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'Simpsons' Showrunner Al Jean Addresses Apu Backlash & Promises to 'Find an Answer'

'Simpsons' Showrunner Al Jean Addresses Apu Backlash & Promises to 'Find an Answer'
( Rodin Eckenroth/WireImage, @KaitlynnPiprell/Twitter)

The executive producer and showrunner of Fox's longest-running cartoon sitcom The Simpsons engaged with Twitter after backlash from last Sunday's episode involving the racial profiling of the character, Apu.

In response to online debates, Jean tweeted on Friday, "I truly appreciate all the responses pro and con. Will continue to try and find an answer that is popular & more important right."

During the episode titled, "No Good Read Goes Unpunished," the show addressed the ethnic stereotyping of recurring character, Apu Nahasapeemapetilon – the Indian-American proprietor of Kwik-E-Mart – through a line delivered by Lisa as Marge read her a bedtime story.

Something that started decades ago and was applauded and inoffensive is now politically incorrect. What can you do?

The focus shifted to a closeup of a framed picture of Apu with the words, "Don't have a cow!" scrawled on it.

Marge responded with:

Some things will be dealt with at a later date.

To which Lisa added, "If at all."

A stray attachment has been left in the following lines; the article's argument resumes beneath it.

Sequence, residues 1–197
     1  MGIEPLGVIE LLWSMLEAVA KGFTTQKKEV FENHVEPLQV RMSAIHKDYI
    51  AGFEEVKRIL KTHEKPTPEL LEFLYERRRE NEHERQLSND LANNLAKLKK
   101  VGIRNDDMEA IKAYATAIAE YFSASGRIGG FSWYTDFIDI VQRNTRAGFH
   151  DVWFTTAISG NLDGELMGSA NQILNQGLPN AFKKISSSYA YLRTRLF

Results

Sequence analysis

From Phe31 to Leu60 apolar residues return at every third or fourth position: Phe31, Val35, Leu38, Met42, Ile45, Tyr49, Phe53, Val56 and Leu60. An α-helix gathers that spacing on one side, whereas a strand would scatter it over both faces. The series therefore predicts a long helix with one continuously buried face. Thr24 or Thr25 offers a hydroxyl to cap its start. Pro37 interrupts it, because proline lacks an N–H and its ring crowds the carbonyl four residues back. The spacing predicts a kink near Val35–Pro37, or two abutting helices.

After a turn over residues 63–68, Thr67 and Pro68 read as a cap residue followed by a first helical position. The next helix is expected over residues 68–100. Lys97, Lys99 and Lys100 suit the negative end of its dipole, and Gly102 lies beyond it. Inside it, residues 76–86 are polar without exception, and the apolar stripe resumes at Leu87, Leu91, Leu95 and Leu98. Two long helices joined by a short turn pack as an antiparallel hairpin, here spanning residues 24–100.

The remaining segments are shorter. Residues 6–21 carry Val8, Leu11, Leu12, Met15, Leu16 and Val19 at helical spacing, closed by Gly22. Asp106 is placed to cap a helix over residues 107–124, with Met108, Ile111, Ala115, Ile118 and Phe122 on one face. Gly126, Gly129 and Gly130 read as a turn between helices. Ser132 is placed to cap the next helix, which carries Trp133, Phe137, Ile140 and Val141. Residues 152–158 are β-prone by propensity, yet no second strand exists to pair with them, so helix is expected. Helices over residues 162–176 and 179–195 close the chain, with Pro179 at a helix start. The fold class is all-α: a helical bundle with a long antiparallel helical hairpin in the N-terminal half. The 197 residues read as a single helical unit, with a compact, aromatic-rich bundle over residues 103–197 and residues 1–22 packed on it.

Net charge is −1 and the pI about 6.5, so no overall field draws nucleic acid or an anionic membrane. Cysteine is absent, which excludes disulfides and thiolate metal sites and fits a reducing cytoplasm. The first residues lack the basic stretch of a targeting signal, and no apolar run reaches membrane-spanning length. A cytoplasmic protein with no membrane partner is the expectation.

The controversy surrounding the portrayal of Apu dates back to 2017 when comedian Hari Kondabolu made a criticism of the character's portrayal in a documentary called, The Problem with Apu.

Kodabolu was disappointed with the show's attempt to placate frustrated viewers with the scene, saying, "Wow. Politically Incorrect?' That's the takeaway from my movie & the discussion it sparked? Man, I really loved this show. This is sad."

A devoted fan offered a solution for the showrunner. Tom Brennan, a producer and marvel comic editor, wrote,

Hey, Mr. Jean - huge fan of The Critic here and long time Simpsons fan. I appreciate you're probably under a ton of stress on this. The solution seems pretty simple to me: bring in a group of Indian creators and completely re-develop this character. The issue isn't just the stereotype. It's that I'm betting this character has not historically had a lot of creative input from people who intimately understand his ethnic and religious background - both of which are key components to the character.

Jean was challenged by users over the racial controversy.

Jean tweeted in another tweet, "For those who'd ask why Lisa would defend Apu: he's her friend. He taught her to be vegan. She admires him."

Jean also shared an article that was "Pro-Apu,"

But he was immediately criticized for sharing the article legitimizing the issue. "99% of the press you got was bad. But you shared the one that agreed with you," wrote a commentator. "That's like fox news showing one black guy waving a confederate flag. You shared an article from the national review...obviously they are the forefront of racial equality and representation. Resign."

Jean responded by referencing Kondabolu's documentary, "The Problem With Apu got a 4.6 on imdb. Does that mean it's worthless? No I think there were valid points made."

His endless interaction with Twitter exhibits his genuine care for the character and the spirit of debate.

H/T - Mashable, Twitter, Deadline, Variety